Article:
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APPLEWHAITE v. S. S. SUNPRINCESS

UNITED STATES DISTRICT COURT DISTRICT OF NEW JERSEY


January 13, 1956

Maple APPLEWHAITE et al., Libellants,
v.
S.S. SUNPRINCESS et al., Respondents

The opinion of the court was delivered by: MEANEY

Libellants are the representatives and survivors of ten seamen who lost their lives while serving as crewmen aboard the 'S. S. Geologist' when that ship collided with the 'S.S. Sunprincess' on the high seas, Saguenay Terminals, Ltd., a foreign corporation, alleged not to be doing business in New Jersey, was, apparently, bareboat charterer of the 'S.S. Sunprincess.'

This action was instituted, with Saguenay as one of the respondents, by serving the master of the 'M/S Vivita' with a citation in personam with a writ of foreign attachment and with a libel in personam praying for a writ of attachment. The complaint alleges that Saguenay is the owner of the 'Vivita' but there is no dispute at this time that Saguenay was merely a time charterer of the vessel, the owner being Limited Company Uglands Ownery, Fjere, a Norwegian Corporation. The goods on board the vessel were not owned by Saguenay. They were being carried by Saguenay under what might be termed subcharter arrangements with third parties.

 Saguenay, appearing specially to contest the jurisdiction of the court, obtained on December 21, 1955, an order to show cause (1) why an order should not be entered vacating the writ of attachment; (2) why an order should not be entered holding libellants and their proctors liable for loss, damages, expenses and attorneys' fees; and (3) why an order should not be entered restraining any suit by libellants in personam by writ of foreign attachment until disposition of this application. Hearing was had on January 9, 1956.

 Admiralty Rule 2, 28 U.S.C.A., provides that mesne process in suits in personam shall be by monition in the nature of summons or by simple warrant of arrest in the nature of a capias; 'in either case with a clause therein to attach his goods and chattels, or credits and effects in the hands of the garnishees named in the libel * * * if said respondent shall not be found in the district.'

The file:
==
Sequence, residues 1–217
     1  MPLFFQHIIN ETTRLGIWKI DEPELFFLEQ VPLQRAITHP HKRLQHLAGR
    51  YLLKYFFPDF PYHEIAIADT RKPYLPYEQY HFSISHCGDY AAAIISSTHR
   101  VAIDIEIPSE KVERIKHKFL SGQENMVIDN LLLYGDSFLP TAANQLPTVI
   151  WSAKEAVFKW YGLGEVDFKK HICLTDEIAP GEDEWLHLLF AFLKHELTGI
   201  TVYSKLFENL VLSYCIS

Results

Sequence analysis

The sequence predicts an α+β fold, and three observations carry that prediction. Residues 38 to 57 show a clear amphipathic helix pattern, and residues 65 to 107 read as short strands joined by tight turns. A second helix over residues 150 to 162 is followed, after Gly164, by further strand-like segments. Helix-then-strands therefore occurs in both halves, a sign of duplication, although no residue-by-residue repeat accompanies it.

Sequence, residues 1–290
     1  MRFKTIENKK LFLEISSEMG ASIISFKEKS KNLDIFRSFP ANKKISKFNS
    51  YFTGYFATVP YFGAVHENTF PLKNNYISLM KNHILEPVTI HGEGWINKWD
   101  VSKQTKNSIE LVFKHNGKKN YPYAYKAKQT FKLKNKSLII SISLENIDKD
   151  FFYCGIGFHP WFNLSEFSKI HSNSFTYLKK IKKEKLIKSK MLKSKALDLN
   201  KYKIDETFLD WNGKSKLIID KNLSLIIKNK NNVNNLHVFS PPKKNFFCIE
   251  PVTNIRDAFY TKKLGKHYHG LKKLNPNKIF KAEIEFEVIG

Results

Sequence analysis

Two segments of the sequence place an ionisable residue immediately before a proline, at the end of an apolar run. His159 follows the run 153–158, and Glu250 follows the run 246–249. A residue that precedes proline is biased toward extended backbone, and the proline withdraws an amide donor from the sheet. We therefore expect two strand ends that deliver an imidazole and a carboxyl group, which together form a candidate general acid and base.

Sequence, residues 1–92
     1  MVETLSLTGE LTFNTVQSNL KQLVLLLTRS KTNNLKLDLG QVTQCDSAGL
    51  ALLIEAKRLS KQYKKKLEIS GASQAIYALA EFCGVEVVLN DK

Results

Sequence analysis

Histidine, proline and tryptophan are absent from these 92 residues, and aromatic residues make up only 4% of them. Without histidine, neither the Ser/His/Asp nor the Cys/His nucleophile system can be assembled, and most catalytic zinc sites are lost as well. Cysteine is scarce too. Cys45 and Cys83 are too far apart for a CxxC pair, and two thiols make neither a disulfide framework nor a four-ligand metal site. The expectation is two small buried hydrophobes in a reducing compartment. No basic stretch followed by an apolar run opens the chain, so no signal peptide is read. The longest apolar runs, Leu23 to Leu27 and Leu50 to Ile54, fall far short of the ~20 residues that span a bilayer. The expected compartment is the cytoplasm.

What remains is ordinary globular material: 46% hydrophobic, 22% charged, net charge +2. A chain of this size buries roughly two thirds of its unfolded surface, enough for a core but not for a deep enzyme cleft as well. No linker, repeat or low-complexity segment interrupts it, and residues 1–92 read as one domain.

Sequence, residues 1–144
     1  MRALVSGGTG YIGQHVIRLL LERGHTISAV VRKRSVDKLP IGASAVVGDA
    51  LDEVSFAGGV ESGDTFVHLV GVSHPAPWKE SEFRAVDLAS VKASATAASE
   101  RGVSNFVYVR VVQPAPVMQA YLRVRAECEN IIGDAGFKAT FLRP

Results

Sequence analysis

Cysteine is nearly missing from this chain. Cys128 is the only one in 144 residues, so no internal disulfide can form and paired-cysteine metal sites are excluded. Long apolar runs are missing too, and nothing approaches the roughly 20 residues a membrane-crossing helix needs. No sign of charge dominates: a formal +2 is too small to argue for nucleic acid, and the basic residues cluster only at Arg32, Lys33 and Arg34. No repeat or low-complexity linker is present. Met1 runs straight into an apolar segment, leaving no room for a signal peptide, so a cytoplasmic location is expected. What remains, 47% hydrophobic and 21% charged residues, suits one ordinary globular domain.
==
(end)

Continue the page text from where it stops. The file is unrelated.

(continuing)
The question to be determined at this juncture is whether the motor ship 'Vivita' may properly be attached under this rule. A similar situation was involved in the case of McGahern v. koppers Coal Co., 3 Cir., 1940, 108 F.2d 652 There it was argued that a charterer is pro hac vice owner of the vessel chartered and the vessel is to be treated as the charterer's property for the purposes of the rule. But the court in that case held that while a charterer is for many purposes treated as owner pro hac vice, no title passes to the charterer and the vessel is not subject to attachment under Rule 2. The charterer has merely the right to possess and control the vessel for a limited period and this special property is not the equivalent of title such as would subject it to attachment or to execution for a judgment rendered against the charterer in personam.

 There was no attempt in this case to do more than attach the vessel 'Vivita', and under the authority of McGahern v. Koppers Coal Co., supra, the writ of attachment must be vacated.

  But even if we assumed that the Marshal's intention was to attach the interest of the charterer herein, this court is of the opinion that such interest is not subject to attachment. The only asset available for judicial sale arising out of the circumstances in the case at bar would be the contract rights arising out of the charter. The very nature of a charter agreement is a manifestation of the intent of the parties that it shall not be assignable. The relationship between the parties to the charter indicates (to paraphrase the familiar expression of Lord Denman) the existence of the right to the benefit anticipated from the character, credit, and substance of the party with whom the contract is made. Humble v. Hunter, 12 Q.B. 310, 317. 'Rights arising out of contract cannot be transferred if they are coupled with liabilities, or if they involve a relation of personal confidence such that the party whose agreement conferred those rights must have intended them to be exercised only by him in whom he actually confided.' (Pollock on Contracts, 4th Ed. 425). Approval is specifically given to these pronouncements in Arkansas Valley Smelting Co. v. Belden Min. Co., 127 U.S. 379 at pages 387, 388, 8 S. Ct. 1308, 32 L. Ed. 246. It follows that the charter agreement is not a proper subject for an attachment.

 Respondents herein ask that libellants and their proctors be held liable for loss, damages, expenses and attorneys' fees. Since it does not appear that the libel was filed maliciously, or in bad faith, or with such negligence as would constitute bad faith, such damages will not be allowed. Walsh Transp. Co. v. Iroquois Transit Corp., D.C.S.D.N.Y.1926, 1926, 16 F.2d 475; Artinano v. W. R. Grace & Co., D.C.E.D.Va.1923, 286 F. 702; 2 Benedict on Admiralty, Sec. 304, pp. 393, 394.

 However, costs will be assessed against libellants.

 Let an order in conformity herewith be submitted.

19560113

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